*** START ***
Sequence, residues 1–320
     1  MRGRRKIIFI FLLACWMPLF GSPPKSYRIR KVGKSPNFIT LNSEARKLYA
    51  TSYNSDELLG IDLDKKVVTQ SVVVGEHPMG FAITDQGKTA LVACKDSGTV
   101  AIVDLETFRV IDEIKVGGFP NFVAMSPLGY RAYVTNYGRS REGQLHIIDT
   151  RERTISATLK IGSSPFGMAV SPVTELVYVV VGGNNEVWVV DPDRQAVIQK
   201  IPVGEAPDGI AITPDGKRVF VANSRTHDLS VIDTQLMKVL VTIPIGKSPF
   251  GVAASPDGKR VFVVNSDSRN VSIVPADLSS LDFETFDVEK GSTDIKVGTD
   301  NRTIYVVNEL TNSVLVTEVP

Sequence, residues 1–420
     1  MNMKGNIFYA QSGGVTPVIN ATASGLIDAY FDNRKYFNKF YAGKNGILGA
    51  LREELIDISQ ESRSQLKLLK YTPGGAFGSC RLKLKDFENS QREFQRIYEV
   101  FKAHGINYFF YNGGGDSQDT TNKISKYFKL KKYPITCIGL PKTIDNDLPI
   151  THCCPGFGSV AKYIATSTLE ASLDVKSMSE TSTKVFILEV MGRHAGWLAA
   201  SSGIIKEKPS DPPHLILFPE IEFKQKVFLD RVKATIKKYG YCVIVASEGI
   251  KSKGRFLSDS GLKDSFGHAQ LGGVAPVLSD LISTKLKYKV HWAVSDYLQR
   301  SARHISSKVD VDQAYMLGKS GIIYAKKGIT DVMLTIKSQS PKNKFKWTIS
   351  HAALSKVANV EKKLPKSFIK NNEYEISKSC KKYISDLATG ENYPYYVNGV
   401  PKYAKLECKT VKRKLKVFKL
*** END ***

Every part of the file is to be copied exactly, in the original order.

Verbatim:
Sequence, residues 1–320
     1  MRGRRKIIFI FLLACWMPLF GSPPKSYRIR KVGKSPNFIT LNSEARKLYA
    51  TSYNSDELLG IDLDKKVVTQ SVVVGEHPMG FAITDQGKTA LVACKDSGTV
   101  AIVDLETFRV IDEIKVGGFP NFVAMSPLGY RAYVTNYGRS REGQLHIIDT
   151  RERTISATLK IGSSPFGMAV SPVTELVYVV VGGNNEVWVV DPDRQAVIQK
   201  IPVGEAPDGI AITPDGKRVF VANSRTHDLS VIDTQLMKVL VTIPIGKSPF
   251  GVAASPDGKR VFVVNSDSRN VSIVPADLSS LDFETFDVEK GSTDIKVGTD
   301  NRTIYVVNEL TNSVLVTEVP

Sequence, residues 1–420
     1  MNMKGNIFYA QSGGVTPVIN ATASGLIDAY FDNRKYFNKF YAGKNGILGA
    51  LREELIDISQ ESRSQLKLLK YTPGGAFGSC RLKLKDFENS QREFQRIYEV
   101  FKAHGINYFF YNGGGDSQDT TNKISKYFKL KKYPITCIGL PKTIDNDLPI
   151  THCCPGFGSV AKYIATSTLE ASLDVKSMSE TSTKVFILEV MGRHAGWLAA
   201  SSGIIKEKPS DPPHLILFPE IEFKQKVFLD RVKATIKKYG YCVIVASEGI
   251  KSKGRFLSDS GLKDSFGHAQ LGGVAPVLSD LISTKLKYKV HWAVSDYLQR
   301  SARHISSKVD VDQAYMLGKS GIIYAKKGIT DVMLTIKSQS PKNKFKWTIS
   351  HAALSKVANV EKKLPKSFIK NNEYEISKSC KKYISDLATG ENYPYYVNGV
   401  PKYAKLECKT VKRKLKVFKL